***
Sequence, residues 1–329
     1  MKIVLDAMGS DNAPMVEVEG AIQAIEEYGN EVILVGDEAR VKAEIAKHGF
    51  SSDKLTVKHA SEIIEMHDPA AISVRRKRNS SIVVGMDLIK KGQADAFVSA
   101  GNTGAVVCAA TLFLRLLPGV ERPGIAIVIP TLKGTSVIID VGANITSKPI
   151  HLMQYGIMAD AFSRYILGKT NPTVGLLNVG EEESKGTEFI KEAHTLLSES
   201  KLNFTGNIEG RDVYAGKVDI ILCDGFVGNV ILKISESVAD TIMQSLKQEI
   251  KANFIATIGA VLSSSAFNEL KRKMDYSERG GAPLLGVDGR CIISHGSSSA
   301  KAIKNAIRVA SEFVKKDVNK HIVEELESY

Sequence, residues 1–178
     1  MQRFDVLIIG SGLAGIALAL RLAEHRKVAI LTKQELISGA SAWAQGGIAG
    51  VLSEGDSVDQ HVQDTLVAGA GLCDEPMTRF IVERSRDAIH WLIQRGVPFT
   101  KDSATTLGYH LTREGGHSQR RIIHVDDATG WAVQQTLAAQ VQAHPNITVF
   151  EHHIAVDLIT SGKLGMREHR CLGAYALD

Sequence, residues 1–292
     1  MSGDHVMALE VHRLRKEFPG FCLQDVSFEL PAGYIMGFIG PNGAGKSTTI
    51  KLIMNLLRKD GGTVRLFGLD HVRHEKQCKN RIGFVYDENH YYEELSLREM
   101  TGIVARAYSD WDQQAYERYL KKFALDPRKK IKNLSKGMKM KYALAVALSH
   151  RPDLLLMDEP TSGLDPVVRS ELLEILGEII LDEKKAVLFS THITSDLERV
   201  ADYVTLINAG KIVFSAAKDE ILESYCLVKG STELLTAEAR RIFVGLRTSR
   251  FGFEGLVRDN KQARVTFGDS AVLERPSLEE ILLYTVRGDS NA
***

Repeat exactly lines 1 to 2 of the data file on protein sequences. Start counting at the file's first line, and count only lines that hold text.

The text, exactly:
Sequence, residues 1–329
     1  MKIVLDAMGS DNAPMVEVEG AIQAIEEYGN EVILVGDEAR VKAEIAKHGF